One of my favorite examples is Cleveland Clinic’s Prediction Challenge, which has been successfully solved. The Cleveland Clinic had an algorithm that could predict the outcome for cancer patients based on microarray data taken from biopsied tumors. Their algorithm was accurate but too slow – they measured performance in calendar weeks, which is hardly helpful for someone who needs to act on a medical prognosis. We ran a data challenge to improve the efficiency of the code while maintaining accuracy. It turns out that the winning solution improves both accuracy and efficiency, and predicts accurate outcomes in a matter of minutes using the same input data. The overall improvement is on the order of 3000% (yes, three thousand percent) versus the previous gold standard.
Another example with “big data” is a challenge we ran with the Economist. We wanted to find clever ways to use open data sources to make a place better to live. As a twist, we asked Solvers to deliver their ideas as compelling visualizations using real open data, so that we could move beyond a “gut feeling” on the data and actually see how data could be broadcasted into someone’s personal life and influence them to change behavior. The winner was from Kiev, Ukraine, which evidently has the worst air pollution of major cities in that part of the world. He showed how distributed sensor systems could monitor air pollution to enable citizens to both reduce their own emissions, and to avoid areas that happen to be bad at any given time (e.g., one hot spot was a notoriously busy intersection during rush hours).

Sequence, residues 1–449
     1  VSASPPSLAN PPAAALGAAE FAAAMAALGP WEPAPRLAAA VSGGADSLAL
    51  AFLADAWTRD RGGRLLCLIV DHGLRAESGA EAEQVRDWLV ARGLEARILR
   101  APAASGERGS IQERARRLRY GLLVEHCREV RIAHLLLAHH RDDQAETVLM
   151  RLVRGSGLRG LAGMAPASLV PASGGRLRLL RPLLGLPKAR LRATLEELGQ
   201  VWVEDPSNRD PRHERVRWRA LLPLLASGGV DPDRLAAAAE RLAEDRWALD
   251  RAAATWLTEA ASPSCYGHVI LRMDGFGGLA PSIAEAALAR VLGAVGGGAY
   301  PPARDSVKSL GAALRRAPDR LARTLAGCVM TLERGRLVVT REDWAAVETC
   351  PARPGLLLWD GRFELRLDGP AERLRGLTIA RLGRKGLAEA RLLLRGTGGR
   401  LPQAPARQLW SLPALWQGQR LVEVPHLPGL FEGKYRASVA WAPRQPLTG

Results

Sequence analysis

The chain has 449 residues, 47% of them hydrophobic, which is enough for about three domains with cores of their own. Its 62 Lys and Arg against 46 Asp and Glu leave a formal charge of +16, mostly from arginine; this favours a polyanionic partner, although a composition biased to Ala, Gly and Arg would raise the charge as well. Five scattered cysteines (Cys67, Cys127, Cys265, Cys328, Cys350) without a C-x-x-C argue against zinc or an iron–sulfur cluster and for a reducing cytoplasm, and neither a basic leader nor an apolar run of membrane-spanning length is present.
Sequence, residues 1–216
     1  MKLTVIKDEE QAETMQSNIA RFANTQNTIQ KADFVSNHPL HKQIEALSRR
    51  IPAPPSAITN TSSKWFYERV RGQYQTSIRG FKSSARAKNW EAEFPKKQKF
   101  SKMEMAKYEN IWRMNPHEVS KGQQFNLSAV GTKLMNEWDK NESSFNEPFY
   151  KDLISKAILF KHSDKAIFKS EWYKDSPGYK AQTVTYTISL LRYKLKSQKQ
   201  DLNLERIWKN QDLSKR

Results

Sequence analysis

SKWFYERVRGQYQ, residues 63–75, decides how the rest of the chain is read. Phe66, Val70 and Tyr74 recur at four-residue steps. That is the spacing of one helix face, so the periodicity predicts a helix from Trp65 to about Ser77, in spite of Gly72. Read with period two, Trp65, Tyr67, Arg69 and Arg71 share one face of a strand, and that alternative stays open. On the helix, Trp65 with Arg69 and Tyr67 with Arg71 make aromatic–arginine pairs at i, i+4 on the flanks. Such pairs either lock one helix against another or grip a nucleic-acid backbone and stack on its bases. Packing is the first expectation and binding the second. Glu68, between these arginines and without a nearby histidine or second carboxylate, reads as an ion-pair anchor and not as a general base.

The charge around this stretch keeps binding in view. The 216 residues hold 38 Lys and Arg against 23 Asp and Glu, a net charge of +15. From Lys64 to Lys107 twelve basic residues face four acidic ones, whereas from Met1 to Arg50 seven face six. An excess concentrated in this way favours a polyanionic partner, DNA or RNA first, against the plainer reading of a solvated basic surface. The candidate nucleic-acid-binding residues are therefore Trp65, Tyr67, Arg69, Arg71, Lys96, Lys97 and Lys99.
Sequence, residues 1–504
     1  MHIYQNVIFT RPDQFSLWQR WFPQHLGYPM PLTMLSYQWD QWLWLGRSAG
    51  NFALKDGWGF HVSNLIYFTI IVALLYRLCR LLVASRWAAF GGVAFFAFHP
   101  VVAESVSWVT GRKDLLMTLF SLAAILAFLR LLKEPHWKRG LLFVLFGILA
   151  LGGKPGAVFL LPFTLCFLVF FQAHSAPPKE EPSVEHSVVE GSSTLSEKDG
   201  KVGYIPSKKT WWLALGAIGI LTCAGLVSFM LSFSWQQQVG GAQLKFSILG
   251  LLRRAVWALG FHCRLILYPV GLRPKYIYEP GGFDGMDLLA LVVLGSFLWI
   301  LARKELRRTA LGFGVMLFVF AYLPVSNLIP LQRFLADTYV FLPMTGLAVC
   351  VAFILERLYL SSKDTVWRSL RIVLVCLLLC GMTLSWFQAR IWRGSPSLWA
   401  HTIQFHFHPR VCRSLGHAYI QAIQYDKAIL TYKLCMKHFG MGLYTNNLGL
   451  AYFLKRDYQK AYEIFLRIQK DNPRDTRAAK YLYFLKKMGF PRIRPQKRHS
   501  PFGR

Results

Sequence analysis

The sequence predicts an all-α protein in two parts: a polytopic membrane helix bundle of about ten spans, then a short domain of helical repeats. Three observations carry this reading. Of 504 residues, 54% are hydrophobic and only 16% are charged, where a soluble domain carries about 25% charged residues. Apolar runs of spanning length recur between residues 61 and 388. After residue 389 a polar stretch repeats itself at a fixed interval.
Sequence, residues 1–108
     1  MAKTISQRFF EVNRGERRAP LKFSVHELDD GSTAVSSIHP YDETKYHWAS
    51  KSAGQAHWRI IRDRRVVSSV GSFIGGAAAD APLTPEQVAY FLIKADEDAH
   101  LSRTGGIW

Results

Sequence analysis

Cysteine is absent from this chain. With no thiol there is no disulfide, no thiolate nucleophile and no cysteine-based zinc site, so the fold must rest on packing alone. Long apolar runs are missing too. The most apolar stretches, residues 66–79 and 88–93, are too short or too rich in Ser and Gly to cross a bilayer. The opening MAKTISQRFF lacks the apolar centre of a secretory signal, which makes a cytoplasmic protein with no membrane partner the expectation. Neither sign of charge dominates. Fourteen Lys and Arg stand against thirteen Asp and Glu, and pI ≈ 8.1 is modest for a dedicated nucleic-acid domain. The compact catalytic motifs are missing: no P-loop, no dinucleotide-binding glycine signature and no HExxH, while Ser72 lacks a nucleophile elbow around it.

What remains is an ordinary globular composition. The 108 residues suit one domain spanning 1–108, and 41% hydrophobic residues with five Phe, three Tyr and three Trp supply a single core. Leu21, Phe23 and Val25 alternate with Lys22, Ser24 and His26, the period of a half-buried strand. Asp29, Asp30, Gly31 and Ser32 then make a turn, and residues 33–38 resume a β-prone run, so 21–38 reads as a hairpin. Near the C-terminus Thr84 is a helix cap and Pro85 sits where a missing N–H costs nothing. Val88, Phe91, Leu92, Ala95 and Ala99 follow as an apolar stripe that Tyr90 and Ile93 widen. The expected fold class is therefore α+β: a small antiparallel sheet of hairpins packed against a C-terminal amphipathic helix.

Why should startups care about open data? What are the opportunities for startups related to open data?